At the Franklin Institute, there is a population counter. It looks like a big digital clock, with LCD numbers that are constantly changing, growing. It goes off of some rough average, over how many people are born in one hour, say, and how many die, with the difference recorded. I don't know if it's still there, but I remember it clearly, from a sleepover my Girl Scout troop did many years ago.

I wonder, do they specially change the numbers for this? Did someone adjust the programming, so that 900 or so extra people died after the official numbers were released for Katrina? Will they change it, so that an extra 20,000 will have died?

When I read such things, with such death that it cannot be understood by people, the population counter comes to mind. Red LCD lights, I can comprehend. A sudden dip in the number, I can comprehend. A tiny memorial, an acknowledgment - your death is something. Your death changed things even for us, thousands of miles away who will never know you. The population count at the end of the hour, the end of the day, will be less than it could have been, and it is writ in the carved stone of the new millennium. Red LCD lights flickering in a dark room.

October, the trees are stripped bare, of all they wear...

That song always makes me think of a certain ex-boyfriend, and Halloween, and Ray Bradbury stories, especially The Halloween Tree.

The season's really beginning to turn; there's a cool bite to the air, and even in South Philly I swear everything smells different. It's awfully nice to be able to keep the a/c off, and even close windows now and again - I'm hoping that being on the third floor will keep me from having to turn the heat on until as late as possible.

Having rather outgrown the heat of summer....this is my favorite time of the year. Cozy, a relief after the gross humidity of Philadelphia summers, and with a long, dark winter ahead. It's the last shout of summer, before winter comes in.

No news about jobs; I sent off three letters this morning and hope to write at least one more later today. Still trying to get up earlier; it takes a good hour for me to fully wake up, and I dislike being still muzzy at 11 am. Should send off e-mails to profs this week as well, since the semester, both in Britain and at home is now well under way.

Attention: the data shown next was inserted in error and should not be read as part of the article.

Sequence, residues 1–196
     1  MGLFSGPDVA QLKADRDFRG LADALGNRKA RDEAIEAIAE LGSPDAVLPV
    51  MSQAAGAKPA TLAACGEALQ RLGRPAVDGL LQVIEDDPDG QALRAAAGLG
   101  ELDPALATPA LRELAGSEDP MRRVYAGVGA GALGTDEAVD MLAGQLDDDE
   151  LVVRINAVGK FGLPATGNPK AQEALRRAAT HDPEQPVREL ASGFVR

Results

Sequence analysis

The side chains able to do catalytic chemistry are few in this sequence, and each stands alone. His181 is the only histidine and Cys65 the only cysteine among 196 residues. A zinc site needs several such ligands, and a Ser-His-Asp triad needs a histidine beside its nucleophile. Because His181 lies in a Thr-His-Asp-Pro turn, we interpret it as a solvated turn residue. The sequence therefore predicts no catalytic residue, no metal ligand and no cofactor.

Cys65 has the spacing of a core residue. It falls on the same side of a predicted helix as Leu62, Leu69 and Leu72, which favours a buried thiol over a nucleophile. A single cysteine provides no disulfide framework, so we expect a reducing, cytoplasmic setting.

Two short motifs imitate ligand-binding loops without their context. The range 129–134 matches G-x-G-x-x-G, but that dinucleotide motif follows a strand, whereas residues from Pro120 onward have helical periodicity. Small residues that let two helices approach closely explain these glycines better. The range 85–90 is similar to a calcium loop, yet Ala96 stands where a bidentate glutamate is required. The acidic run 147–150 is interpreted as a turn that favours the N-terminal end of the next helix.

Sunday, October 09, 2005

I need a routine...

...and being unemployed isn't working :) Inspired by Stitchy McYarnpants, I'm going to try to post something every day. If I don't have anything to say - well, we'll all live. But I keep finding my thoughts spilling out, and I'm shite at keeping a paper diary.

I'm doing this here as a kind of clean slate - LiveJournal was a part of a life that's radically changed, and I simply don't feel like going back there. I'd rather have the psychological clean slate here, even if the same people still show up. (Not impossible, and they're all welcome, of course.)

I also simply like the publishing software and interface here better!

Let's see....

Foofy knitting stuff today:

I'm slowly cataloguing all my yarn with the Database program in AppleWorks. Oh. My. God. Aside from the buttload of yarn I have and didn't realize, Database is approximate sixty billion times easier to deal with than Access. LOVE!

I'm impressed with how much yarn I really have - more than I realized, especially of the handspun stuff. Very happy about that.

The Hourglass Sweater is coming along beautifully - I'm almost done with the lower body. I can't say I understand a single direction beyond that, or how and when to block it (In pieces on the needle? After it's done?), but at least it's comign along quickly. I think the yarn (KnitPicks' Andean Silk) will be a lot softer after it's washed and blocked.

Not really working on anything else. Some spinning, some crocheted beaded bracelets. College and jobs have been really eating my time - which I'm happy about. I'm getting stuff done!

Good for now. More tomorrow.